Different Agendas Drive Western Pacific Budgets
By WENDELL MINNICK
TAIPEI — Defense budgets in Asia are on the rise, although the trends vary among the four biggest spenders: China, Japan, South Korea and Taiwan.
“Defense spending is rising moderately among the major nations of the Western Pacific, but the increase is being driven more by prosperity than fear,” said Loren Thompson of the Lexington Institute, Arlington, Va. “As economies have grown, countries are able to invest more heavily in the capabilities needed to protect ports, secure trade routes and strengthen deterrence.”
Countries throughout the region have been improving their armed forces since the 1990s, citing the perception that the United States is less likely to actively try to resolve conflicts and the desire to increase their ability to act in a greater range of international issues.
Overall, Asia appears to be more secure. North Korea is moving to abandon its nuclear weapon program, and while many nations in the region are wary of China’s growing military, Beijing has shown little inclination to threaten its neighbors, except Taiwan.
China appears to be following the path that any nation with a growing economy would be expected to pursue.
Still, Beijing’s increased spending begets more of the same.
“I imagine that the PRC’s [People’s Republic of China’s] robust and apparently successful efforts to improve its armed forces inspire Japan and others to follow suit, but I think the current increases are more than an arms race,” said Thomas Kane, author of the book, “Chinese Grand Strategy and Maritime Power.”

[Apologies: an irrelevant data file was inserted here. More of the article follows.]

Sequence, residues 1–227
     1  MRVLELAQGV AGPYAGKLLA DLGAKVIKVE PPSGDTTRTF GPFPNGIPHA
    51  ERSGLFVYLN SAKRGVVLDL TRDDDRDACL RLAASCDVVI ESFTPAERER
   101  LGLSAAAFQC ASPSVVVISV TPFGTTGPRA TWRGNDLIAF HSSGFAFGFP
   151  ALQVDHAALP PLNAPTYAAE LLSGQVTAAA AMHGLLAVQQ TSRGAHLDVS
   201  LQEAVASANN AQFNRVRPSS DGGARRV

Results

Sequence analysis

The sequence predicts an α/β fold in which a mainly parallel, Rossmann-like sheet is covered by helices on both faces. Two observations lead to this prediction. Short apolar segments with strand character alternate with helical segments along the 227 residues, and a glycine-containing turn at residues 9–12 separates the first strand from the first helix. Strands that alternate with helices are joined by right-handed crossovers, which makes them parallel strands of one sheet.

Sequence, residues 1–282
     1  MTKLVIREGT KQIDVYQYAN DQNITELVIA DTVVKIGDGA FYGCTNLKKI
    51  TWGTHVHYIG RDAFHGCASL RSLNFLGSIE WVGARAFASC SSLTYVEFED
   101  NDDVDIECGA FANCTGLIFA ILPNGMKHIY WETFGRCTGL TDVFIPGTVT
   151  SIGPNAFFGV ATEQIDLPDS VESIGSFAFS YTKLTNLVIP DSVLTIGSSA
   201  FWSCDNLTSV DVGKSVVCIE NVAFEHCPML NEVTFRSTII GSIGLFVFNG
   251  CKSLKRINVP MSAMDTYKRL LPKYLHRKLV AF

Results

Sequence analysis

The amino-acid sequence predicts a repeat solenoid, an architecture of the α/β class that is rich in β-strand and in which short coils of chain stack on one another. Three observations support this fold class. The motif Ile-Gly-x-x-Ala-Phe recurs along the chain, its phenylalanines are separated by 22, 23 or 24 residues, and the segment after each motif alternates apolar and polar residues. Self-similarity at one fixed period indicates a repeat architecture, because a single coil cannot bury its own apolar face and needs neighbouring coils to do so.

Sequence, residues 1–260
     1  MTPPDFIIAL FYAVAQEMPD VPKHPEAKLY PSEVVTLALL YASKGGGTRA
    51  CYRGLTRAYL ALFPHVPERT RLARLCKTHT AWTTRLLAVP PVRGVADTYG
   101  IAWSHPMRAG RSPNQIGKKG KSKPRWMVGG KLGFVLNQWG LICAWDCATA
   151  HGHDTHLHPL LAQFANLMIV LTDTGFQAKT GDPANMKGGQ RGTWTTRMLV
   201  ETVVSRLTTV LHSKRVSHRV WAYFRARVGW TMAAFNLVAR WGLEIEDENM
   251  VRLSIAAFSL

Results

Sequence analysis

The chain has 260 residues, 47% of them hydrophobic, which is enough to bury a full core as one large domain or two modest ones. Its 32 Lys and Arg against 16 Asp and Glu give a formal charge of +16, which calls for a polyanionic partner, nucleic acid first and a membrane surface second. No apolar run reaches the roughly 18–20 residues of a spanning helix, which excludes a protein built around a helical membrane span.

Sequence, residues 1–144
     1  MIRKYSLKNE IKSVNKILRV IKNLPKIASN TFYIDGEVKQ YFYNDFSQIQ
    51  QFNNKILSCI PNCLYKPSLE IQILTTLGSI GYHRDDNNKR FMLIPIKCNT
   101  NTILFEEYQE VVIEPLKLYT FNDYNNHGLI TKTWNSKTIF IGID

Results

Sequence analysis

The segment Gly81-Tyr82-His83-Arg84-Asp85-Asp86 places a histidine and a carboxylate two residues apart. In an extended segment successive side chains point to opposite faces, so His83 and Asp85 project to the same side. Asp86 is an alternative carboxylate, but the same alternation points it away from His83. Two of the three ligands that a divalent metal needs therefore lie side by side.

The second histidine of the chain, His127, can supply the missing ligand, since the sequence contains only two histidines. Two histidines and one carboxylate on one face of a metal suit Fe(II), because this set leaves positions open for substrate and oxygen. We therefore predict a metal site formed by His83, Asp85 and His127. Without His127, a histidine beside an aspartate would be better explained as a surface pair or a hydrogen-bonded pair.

“ I suspect that Japanese policy-makers are concerned that their peace constitution reduced their influence during the recent gulf wars, and I suspect that policy-makers in other countries would prefer not to suffer the same fate as Japan.”
Japan has invested heavily in ballistic missile defense systems, but with recent signs that North Korea is being cooperative on nuclear issues, Tokyo has less to fear. However, the momentum for improving Japan’s defense establishment appears unstoppable.
Numbers have not varied much over the past 10 years. According to figures from the Stockholm International Peace Research Institute (SIPRI), since 1997 Japan’s budget has hovered between $43 billion and $44 billion. Under Japanese law, defense budgets cannot surpass 1 percent of gross domestic product (GDP). However, where Japan is putting its resources has changed.